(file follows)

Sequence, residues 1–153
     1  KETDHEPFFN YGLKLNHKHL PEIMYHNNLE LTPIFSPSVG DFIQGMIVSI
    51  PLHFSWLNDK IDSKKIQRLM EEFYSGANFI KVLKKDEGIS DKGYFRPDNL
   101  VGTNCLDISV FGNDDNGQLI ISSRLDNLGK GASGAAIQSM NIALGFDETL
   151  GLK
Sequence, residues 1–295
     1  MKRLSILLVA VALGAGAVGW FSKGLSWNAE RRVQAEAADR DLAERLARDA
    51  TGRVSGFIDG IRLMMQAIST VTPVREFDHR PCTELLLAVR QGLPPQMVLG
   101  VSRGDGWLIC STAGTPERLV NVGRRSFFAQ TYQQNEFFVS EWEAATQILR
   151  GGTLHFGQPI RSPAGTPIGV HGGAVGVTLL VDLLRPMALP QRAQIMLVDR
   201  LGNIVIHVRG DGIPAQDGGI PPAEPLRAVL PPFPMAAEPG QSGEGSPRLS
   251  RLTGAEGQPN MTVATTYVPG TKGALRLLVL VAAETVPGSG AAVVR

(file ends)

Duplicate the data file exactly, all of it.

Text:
Sequence, residues 1–153
     1  KETDHEPFFN YGLKLNHKHL PEIMYHNNLE LTPIFSPSVG DFIQGMIVSI
    51  PLHFSWLNDK IDSKKIQRLM EEFYSGANFI KVLKKDEGIS DKGYFRPDNL
   101  VGTNCLDISV FGNDDNGQLI ISSRLDNLGK GASGAAIQSM NIALGFDETL
   151  GLK
Sequence, residues 1–295
     1  MKRLSILLVA VALGAGAVGW FSKGLSWNAE RRVQAEAADR DLAERLARDA
    51  TGRVSGFIDG IRLMMQAIST VTPVREFDHR PCTELLLAVR QGLPPQMVLG
   101  VSRGDGWLIC STAGTPERLV NVGRRSFFAQ TYQQNEFFVS EWEAATQILR
   151  GGTLHFGQPI RSPAGTPIGV HGGAVGVTLL VDLLRPMALP QRAQIMLVDR
   201  LGNIVIHVRG DGIPAQDGGI PPAEPLRAVL PPFPMAAEPG QSGEGSPRLS
   251  RLTGAEGQPN MTVATTYVPG TKGALRLLVL VAAETVPGSG AAVVR